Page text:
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EU

EU Lawmakers Back Exports Control on Spying Technology (reuters.com) 30

An anonymous reader shares a report: EU lawmakers overwhelmingly backed plans on Thursday to control exports of devices to intercept mobile phone calls, hack computers or circumvent passwords that could be used by foreign states to suppress political opponents or activists. Members of the European Parliament's trade committee voted by 34 votes to one in favor of a planned update to export controls on "dual use" products or technologies. The EU has had export controls since 2009 on such dual use products including toxins, laser and technology for navigation or nuclear power, which can have a civilian or military applications but also be used to make weapons of mass destruction. The EU has felt that spyware or malware and telecom of Internet surveillance technologies are increasingly threatening security and human rights and proposed a modernization of its export control system to cover cyber-surveillance.
The Internet

Ajit Pai and the FCC Want It To Be Legal for Comcast To Block BitTorrent (theverge.com) 414

Nilay Patel, reporting for The Verge: FCC Chairman Ajit Pai released his proposal to kill net neutrality this week, and while there's a lot to be unhappy with, it's hard not to be taken with the brazenness of his argument. Pai thinks it was a mistake for the FCC to try and stop Comcast from blocking BitTorrent in 2008, thinks all of the regulatory actions the FCC took after that to give itself the authority to prevent blocking were wrong, and wants to go back to the legal framework that allowed Comcast to block BitTorrent.
The Internet

'We Are Disappointed': Tech Companies Speak Up Against the FCC's Plan To Kill Net Neutrality (businessinsider.com) 167

An anonymous reader shares a report from Business Insider: The FCC is planning to kill net neutrality -- and some tech companies are starting to speak out. Pro-net neutrality activists, who argue the principle creates a level playing-field online, are up in arms about the plan. And some tech companies are now speaking out in support of net neutrality as well, from Facebook to Netflix. Business Insider reached out to some of the biggest tech firms in America today to ask for their reaction to the FCC's plan. Their initial responses are below, and we will continue to update this post as more come in.
Google

Google Wipes 786 Pirate Sites From Search Results (torrentfreak.com) 83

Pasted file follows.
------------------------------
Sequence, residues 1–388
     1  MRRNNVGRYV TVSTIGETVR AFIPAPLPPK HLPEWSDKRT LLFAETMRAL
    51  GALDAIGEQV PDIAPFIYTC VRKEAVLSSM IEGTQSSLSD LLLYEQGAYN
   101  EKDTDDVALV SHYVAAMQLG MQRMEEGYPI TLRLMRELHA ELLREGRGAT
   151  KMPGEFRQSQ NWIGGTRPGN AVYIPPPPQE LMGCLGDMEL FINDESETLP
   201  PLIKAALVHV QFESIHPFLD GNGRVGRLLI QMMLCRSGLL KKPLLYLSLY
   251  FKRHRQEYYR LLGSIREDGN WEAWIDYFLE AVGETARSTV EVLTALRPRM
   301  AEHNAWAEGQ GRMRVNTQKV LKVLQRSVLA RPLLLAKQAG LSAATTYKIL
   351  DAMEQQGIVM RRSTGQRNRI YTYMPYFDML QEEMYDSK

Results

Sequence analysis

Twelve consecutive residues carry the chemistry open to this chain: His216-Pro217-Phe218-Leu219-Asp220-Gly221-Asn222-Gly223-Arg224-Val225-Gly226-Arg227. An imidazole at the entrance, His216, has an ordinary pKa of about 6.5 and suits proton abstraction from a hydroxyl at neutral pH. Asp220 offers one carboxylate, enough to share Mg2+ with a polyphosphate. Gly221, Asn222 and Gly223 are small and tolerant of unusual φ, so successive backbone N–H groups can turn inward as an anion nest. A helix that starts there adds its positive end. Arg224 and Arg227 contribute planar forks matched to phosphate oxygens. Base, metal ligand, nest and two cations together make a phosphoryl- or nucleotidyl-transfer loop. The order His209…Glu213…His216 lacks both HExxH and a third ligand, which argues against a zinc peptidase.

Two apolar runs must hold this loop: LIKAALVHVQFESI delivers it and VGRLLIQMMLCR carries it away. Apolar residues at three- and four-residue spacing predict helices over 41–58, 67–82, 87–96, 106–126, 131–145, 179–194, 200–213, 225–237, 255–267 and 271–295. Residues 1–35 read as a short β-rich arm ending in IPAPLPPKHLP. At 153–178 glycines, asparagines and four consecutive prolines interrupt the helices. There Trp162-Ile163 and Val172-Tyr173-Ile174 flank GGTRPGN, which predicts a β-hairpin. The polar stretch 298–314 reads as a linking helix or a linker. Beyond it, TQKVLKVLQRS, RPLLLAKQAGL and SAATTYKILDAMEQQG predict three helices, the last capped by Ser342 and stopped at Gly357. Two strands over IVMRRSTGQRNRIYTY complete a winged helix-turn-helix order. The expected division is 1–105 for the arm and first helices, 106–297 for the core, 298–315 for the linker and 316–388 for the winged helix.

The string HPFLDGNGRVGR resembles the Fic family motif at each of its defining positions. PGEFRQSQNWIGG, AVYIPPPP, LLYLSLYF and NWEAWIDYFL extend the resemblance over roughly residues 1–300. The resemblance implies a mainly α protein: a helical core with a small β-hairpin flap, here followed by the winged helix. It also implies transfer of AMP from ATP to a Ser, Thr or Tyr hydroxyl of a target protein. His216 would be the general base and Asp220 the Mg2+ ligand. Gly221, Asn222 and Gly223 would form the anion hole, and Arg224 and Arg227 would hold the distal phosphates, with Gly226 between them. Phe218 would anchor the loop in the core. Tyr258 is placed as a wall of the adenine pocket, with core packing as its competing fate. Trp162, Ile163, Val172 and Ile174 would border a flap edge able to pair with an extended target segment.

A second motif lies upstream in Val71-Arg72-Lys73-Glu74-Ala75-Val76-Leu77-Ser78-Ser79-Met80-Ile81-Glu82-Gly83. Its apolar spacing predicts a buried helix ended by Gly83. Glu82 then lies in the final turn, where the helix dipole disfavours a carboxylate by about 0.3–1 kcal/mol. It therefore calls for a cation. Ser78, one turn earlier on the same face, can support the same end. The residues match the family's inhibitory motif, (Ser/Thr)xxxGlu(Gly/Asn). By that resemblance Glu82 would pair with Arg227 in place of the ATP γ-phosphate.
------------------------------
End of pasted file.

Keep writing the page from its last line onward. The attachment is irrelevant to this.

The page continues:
Google and several leading Russian search engines have completely wiped 786 "pirate" sites from their search results. That's according to telecoms watch Rozcomnadzor, which reports that the search providers delisted the sites after ISPs were ordered by a Moscow court to permanently block them. TorrentFreak reports: Late July, President Vladimir Putin signed a new law which requires local telecoms watchdog Rozcomnadzor to maintain a list of banned domains while identifying sites, services, and software that provide access to them. [...] Nevertheless, on October 1 the new law ("On Information, Information Technologies and Information Protection") came into effect and it appears that Russia's major search engines have been very busy in its wake. According to a report from Rozcomnadzor, search providers Google, Yandex, Mail.ru, Rambler, and Sputnik have stopped presenting information in results for sites that have been permanently blocked by ISPs following a decision by the Moscow City Court. "To date, search engines have stopped access to 786 pirate sites listed in the register of Internet resources which contain content distributed in violation of intellectual property rights," the watchdog reports. The domains aren't being named by Rozcomnadzor or the search engines but are almost definitely those sites that have had complaints filed against them at the City Court on multiple occasions but have failed to take remedial action. Also included will be mirror and proxy sites which either replicate or facilitate access to these blocked and apparently defiant domains.
Bitcoin

We'll Never Legalize Bitcoin, Says Russian Minister (siliconangle.com) 54